Puglia is a wonderful destination for families with plenty of activities on land and in the water to keep both parents and kids happy. There are lots of things to see and do but here are six reasons why you should take the kids to Puglia, Italy.
Let’s start with the obvious, gelato. If nothing else, come to Italy for the food. And what a wonderful place to eat for kids, too! After all, who wouldn’t be happy eating pizza, pasta and ice cream every day? Puglia, like the rest of Italy, is bursting with regional dishes created with the freshest of ingredients. During our long weekend exploring Ostuni and beyond we stumbled across dozens of welcoming cafes, delicious restaurants and, of course, plenty of gelaterias to sample the local ice cream. Unfortunately, I only found out about this place after we had left, which just means that I will have to go back!
Even the most culture-wary kids will be charmed by Puglia’s towns and villages. We only had the chance to visit a handful of the region’s old cittadinas but there are literally dozens that are worth exploring. Each town has its own star attraction but what they all share in common are photo-worthy Baroque or mediaeval town centres and charming narrow lanes that are a delight to explore. Some of the best towns to visit with kids include the fortified island town of Gallipoli, the white city of Ostuni and the UNESCO World Heritage Site of Alberobello, famous for its trulli. Children, particularly younger ones, tend to fall head over heels for these fairytale-like circular homes with conical roofs.You can easily spend a day searching for the ‘magic’ symbols painted on the rooftops, hoping that Bilbo Baggins will emerge from one of the low wooden doorways.
Puglia boasts over 800km of coastline, the longest stretch of any region in Italy. Bordered by both the Ionian and the Adriatic Sea, you are spoiled for choice for family-friendly beaches. Sadly, it was still too chilly for an ocean dip when we visited in March but, having caught glimpses of the sea throughout our trip, I am definitely planning to go back. There are no shortage of beaches that kids will love but the ones I plan to try first are Torre Guaceto near Alberobello, home to vivid coral reefs and sea grass for snorkelling fun, Pescoluse near Leuca, the “Maldives of Italy” and Baia delle Zagare, a 1km stretch of soft white sand surrounded by national park. I also love the look of Polignano a Mare, a picturesque town perched atop a 20 metre-high limestone cliff overlooking the sparkling waters of the Adriatic.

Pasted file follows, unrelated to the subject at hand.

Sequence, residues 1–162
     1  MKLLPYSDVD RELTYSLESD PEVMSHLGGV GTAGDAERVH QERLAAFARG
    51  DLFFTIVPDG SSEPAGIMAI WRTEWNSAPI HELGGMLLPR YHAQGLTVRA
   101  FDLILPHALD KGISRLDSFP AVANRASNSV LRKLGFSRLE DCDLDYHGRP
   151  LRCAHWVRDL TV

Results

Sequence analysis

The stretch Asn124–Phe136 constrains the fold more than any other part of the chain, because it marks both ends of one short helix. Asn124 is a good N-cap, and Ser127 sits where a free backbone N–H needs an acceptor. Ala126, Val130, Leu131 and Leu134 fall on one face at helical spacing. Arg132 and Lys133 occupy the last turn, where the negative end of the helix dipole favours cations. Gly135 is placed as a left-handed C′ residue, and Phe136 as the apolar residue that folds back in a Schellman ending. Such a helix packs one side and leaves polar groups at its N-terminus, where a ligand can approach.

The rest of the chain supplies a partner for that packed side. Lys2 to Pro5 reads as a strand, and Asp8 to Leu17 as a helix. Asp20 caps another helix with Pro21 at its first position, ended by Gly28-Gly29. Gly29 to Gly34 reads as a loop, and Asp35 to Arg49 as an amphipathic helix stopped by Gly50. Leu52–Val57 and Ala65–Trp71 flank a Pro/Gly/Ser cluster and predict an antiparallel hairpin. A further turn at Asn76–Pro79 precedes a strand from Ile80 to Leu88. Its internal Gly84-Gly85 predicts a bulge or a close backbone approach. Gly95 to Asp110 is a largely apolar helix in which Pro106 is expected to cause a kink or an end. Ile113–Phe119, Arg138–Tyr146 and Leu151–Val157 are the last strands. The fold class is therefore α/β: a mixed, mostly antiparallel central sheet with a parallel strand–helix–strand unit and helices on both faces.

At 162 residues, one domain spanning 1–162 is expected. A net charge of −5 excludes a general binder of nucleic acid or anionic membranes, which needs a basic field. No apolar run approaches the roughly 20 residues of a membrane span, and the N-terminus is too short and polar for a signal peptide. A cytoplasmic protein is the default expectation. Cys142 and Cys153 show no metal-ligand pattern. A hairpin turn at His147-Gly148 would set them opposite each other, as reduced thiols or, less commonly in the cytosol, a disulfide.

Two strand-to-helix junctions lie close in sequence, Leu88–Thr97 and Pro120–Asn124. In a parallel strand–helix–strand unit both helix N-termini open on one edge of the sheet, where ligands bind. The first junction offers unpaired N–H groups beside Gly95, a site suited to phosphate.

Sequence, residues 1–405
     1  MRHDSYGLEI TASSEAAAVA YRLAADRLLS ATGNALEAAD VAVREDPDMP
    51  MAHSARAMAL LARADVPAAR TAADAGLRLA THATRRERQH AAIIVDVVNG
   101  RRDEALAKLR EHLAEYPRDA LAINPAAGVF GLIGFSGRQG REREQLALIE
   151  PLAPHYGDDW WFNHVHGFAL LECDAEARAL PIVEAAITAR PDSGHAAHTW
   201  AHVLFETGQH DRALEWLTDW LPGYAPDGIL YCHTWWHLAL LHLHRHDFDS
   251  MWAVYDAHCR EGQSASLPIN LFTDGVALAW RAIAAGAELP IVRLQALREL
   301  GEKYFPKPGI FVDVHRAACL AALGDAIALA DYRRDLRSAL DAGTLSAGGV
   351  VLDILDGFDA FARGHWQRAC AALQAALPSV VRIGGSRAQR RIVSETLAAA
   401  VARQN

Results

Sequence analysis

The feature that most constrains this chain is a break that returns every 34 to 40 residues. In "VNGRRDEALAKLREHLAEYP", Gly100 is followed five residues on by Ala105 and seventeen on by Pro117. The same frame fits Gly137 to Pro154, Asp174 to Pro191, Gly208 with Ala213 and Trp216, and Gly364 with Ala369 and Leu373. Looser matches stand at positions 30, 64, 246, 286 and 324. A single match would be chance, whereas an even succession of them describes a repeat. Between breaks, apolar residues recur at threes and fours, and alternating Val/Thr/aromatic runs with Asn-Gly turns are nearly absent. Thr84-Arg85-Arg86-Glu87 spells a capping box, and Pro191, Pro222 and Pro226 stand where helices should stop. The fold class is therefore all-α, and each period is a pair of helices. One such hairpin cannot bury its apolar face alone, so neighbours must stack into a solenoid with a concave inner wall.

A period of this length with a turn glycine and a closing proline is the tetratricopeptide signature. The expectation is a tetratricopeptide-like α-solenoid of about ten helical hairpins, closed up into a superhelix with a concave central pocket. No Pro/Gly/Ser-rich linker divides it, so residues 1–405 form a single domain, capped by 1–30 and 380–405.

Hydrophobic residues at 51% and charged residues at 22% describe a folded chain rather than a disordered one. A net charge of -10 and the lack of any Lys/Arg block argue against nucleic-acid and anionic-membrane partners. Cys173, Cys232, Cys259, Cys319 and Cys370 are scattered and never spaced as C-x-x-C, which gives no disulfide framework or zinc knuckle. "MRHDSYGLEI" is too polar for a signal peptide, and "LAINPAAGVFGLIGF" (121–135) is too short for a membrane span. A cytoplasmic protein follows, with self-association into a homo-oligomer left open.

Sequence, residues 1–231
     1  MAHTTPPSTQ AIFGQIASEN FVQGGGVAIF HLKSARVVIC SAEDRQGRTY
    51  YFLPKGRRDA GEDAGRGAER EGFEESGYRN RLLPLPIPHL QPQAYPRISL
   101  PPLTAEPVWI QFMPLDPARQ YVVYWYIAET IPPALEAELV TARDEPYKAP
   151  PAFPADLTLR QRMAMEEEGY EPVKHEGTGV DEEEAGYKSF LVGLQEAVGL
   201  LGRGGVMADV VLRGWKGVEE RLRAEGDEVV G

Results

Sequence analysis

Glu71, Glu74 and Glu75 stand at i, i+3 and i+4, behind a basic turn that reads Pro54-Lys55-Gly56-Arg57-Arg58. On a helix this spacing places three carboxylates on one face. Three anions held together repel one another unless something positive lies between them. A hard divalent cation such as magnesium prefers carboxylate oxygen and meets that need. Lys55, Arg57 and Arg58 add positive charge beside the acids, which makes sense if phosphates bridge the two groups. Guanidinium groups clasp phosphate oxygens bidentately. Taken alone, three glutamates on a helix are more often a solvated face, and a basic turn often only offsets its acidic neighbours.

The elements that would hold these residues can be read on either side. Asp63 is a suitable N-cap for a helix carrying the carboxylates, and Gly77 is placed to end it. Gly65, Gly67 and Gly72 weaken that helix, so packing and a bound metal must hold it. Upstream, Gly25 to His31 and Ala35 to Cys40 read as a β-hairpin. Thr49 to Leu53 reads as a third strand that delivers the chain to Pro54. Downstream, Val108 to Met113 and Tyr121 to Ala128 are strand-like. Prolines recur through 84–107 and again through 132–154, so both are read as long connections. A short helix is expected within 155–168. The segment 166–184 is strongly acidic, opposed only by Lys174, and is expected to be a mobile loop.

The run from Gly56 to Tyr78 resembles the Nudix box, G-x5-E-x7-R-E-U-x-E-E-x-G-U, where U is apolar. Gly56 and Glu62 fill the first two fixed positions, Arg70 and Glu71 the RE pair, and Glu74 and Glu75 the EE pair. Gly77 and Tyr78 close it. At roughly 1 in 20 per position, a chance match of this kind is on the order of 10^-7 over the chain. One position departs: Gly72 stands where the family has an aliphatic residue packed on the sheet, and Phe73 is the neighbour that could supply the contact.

One of our best days out in Puglia was our tour of some of the local masseria courtesy of Raro Villas. We first visited Masseria Lamapecora, a historic farmhouse dating back to the late 19th century. This family-run farm is home to some 700 ancient olive trees and is famous for both its olive oil and its cheese. My daughter loved learning how mozzarella was made and watched intently as Omer demonstrated the process. Incredibly, the farm produces 600 litres of milk daily and between 100-120kg of mozzarella every day! That’s in addition to the bocconcini, burrata, stracciatella, ricotta and more that they produce with ease. My kids have only every lived in big cities so I always love giving them the opportunity to learn where things come from and how they are actually made (rather than, you know, ordering it online!).
Our second farmhouse visit was to Messaria Macarone, a historic farm that has been in the Colucci family since 1754. The farm covers 61 hectares and is home to 20,000 olive trees, 6,000 of which are protected (and 900 of which are more than 1,000 years old!). We were given a tour by Alessandro who gave us a brief history of the farm and an introduction to the production of olive oil. Granted, the process of making olive oil might be a little dry for kids but what my daughter did love, was learning how to tell the difference between good olive oil and bad olive oil. Again, it was a wonderful opportunity for Tess to learn something new.
Budding speleologists will be right at home in Puglia, which is home to some fascinating underworld attractions. The little town of Castro, south of Lecce on the Adriatic coast, is where you’ll find Grotta Zinzulusa, otherwise known as the ‘raggedy cave’ owing to its rag-like stalactites and stalagmites (zinzulo means rags in Italian). The cave is accessed by boat and once the captain drops you off, you can explore the maze of caves or go swimming off the boat. North of Alberobello is Grotte di Castellana, a spellbinding series of caves that measure 3km in length and at a depth of 60metres.
It’s not hard to spend time outdoors in Puglia. From exploring towns or walking among olive trees to enjoying the coastline or just swimming in your villa’s swimming pool, you’ll be pressed to find something to do that doesn’t make the most of the region’s beautiful scenery and sublime climate. One area that I would love to visit when I return is Torre Guaceto, a nature reserve and protected marine area located just north of Brindisi. The park is home to more than 6km of pristine coastline, characterful coves and woodland, and family-friendly beaches, some of which have lido facilities. There’s even a small train that winds its way through the grounds, perfect for little kids such as my three-year-old toddler. Older kids can hire a bicycle and cycle through the olive groves instead. Torre Guaceto is also supposed to be a great spot for snorkelling and scuba diving.
You may also enjoy the following posts:
Pin for Later!
Disclosure: I was a guest of Bookings For You and Raro Villas during my stay in Puglia, Italy. All opinions are, as always, entirely my own.